India and Pakistan were among the first places to have access to Google's Map Maker service when it went online in 2008. Over five years later, Google and the people of those countries are benefiting mainly due to the efforts of one man: Jabran Rafique.
A web developer by day, Rafique, 30 years old, originally from Pakistan and now lives in London, has added over 60,000 mapping points to Google Mpas, making him one of the leading volunteer mapmakers in the world.
"The basic strategy is to start with the roads, then education and then services, before moving on to local businesses," explains Rafique to Pocket-lint when we met up with the novice cartographer at the UK launch of Google Maps in Bletchley Park.
Rafique started mapping the seven to eight towns that he had lived in because he knew them well, before moving on to bigger self-assigned projects.Â Starting at university, he had plenty of time on his hands to add data to Google’s barren mapping service.
It’s one of the main reasons Google offers its Map Maker service, explained Jessica Pfund, a Google Maps project manager based in the UK.
"Google wants accurate and comprehensive maps and when we started, the missing link was the ability for people to add their own data to improve the mapping technology. We couldn’t buy maps for India so the project was born."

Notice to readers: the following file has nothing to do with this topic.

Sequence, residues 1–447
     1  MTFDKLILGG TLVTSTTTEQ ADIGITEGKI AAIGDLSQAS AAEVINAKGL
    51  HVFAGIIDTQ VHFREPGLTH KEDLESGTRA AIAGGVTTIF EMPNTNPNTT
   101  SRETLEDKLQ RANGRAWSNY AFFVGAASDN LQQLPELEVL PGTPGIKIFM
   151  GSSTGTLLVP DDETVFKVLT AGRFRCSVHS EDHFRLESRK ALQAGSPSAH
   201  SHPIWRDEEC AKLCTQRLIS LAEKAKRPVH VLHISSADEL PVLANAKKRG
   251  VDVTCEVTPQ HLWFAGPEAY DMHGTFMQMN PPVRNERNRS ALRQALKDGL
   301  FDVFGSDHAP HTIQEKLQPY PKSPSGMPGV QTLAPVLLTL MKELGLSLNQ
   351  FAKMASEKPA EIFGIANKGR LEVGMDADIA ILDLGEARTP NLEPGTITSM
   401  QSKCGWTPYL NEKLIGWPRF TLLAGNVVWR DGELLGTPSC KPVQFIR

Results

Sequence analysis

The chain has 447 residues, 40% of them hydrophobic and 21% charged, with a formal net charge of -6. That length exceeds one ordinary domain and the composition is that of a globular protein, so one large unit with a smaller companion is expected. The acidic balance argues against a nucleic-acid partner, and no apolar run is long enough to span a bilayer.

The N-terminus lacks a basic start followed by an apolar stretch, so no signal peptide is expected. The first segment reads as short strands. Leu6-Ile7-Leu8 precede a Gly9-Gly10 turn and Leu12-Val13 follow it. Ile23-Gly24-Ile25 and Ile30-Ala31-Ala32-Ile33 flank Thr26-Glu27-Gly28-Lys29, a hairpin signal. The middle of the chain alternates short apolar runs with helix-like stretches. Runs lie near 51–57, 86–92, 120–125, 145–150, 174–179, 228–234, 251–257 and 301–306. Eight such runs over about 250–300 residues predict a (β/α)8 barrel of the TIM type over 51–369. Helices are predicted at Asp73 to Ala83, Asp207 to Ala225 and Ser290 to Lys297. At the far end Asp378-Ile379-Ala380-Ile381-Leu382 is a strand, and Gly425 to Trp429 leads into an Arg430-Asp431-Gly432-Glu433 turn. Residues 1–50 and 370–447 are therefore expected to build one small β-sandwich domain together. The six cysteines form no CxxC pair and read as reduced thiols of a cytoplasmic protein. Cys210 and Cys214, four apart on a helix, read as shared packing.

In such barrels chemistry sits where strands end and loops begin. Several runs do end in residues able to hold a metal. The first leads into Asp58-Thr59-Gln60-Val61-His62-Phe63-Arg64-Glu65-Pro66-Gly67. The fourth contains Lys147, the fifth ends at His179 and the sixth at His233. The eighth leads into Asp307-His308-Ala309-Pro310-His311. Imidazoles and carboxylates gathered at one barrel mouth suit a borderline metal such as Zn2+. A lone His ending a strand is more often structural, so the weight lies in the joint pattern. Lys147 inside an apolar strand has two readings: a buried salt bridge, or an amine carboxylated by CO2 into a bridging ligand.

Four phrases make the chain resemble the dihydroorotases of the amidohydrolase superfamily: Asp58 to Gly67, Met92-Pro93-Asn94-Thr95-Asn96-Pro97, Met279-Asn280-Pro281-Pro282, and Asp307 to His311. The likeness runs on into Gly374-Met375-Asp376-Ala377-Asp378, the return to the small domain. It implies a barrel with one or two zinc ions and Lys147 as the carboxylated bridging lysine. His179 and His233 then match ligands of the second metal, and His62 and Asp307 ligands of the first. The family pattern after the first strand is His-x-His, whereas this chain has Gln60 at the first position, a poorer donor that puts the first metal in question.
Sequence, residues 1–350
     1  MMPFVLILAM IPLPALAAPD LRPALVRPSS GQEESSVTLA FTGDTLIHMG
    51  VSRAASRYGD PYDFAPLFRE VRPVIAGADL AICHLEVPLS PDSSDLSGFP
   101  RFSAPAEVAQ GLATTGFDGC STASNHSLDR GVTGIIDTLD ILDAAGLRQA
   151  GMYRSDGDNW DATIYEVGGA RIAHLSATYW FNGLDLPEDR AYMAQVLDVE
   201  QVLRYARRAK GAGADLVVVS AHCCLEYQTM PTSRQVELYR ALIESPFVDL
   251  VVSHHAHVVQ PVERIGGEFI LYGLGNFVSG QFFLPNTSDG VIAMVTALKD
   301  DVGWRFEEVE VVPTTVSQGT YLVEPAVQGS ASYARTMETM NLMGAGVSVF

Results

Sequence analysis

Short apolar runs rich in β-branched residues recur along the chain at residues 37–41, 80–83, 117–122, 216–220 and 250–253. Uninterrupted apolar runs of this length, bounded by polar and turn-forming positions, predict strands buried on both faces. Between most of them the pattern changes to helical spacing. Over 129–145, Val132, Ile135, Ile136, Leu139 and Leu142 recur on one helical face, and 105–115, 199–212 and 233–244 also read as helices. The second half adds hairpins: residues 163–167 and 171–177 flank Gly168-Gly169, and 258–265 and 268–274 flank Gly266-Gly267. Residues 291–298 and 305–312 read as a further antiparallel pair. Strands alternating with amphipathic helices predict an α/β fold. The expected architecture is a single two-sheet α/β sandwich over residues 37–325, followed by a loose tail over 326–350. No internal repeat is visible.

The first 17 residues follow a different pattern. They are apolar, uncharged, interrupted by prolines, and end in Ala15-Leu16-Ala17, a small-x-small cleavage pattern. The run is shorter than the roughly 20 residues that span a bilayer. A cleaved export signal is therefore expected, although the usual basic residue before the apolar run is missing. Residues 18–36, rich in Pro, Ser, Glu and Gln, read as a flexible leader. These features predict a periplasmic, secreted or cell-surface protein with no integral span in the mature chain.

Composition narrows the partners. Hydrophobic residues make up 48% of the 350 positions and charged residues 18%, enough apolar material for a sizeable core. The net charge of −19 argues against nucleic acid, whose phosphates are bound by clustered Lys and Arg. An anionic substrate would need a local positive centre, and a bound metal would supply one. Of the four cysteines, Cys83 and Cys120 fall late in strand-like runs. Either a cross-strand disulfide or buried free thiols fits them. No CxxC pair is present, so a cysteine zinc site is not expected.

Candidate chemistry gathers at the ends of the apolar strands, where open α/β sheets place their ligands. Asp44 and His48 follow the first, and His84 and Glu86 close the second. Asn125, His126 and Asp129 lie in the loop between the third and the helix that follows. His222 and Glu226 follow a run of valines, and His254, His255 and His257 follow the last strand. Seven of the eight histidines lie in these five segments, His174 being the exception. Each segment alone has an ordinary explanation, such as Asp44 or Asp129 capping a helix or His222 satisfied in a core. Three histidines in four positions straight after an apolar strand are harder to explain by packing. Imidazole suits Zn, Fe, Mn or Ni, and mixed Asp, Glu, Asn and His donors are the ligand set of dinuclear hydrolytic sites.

It’s something Rafique jumped at the chance to do:Â "We would spend whole weekends adding mapping data, but now it's around 4 hours a week."
The idea of mapping his native country has become such a passion that Rafique has teamed with others to forge on with his hobby.
"I’ve formed a team with others to get more done. We have project goals and tasks that we assign to certain members to get it done."
It was with the help of his team that he has managed to map towns, cities, regions, and a university campus all since 2008.
"It’s about quality rather than quantity," Rafique tells us when we ask whether he is the number one volunteer mapper on the service. "There are a few people who’ve got more confirmed mapping points than me."
Not paid or rewarded by Google for his efforts, Rafique is one of the growing groups of people that are just keen to help others through the tools the internet now provides.
Google is hoping there are more Rafique’s out there. Launching the service in the UK, the Google Map Maker software allows anyone to quickly go onto a website and update the mapping data they see, be it adding a pathway in a school, or moving a business name so it is over the right location.
The data is of course verified, either by human or via a specially designed algorithm that is based on how useful you’ve been to the service before. The system is similar to that used by TomTom, allowing user feedback, verified via a number of means on their maps.
So now that the system is available in the UK, will Rafique switch allegiances and start mapping London instead? It’s certainly something he was looking forward to.
"I will map London now that it is available," he explains, although we suspect that his main focus will still be on creating more data for Pakistan.
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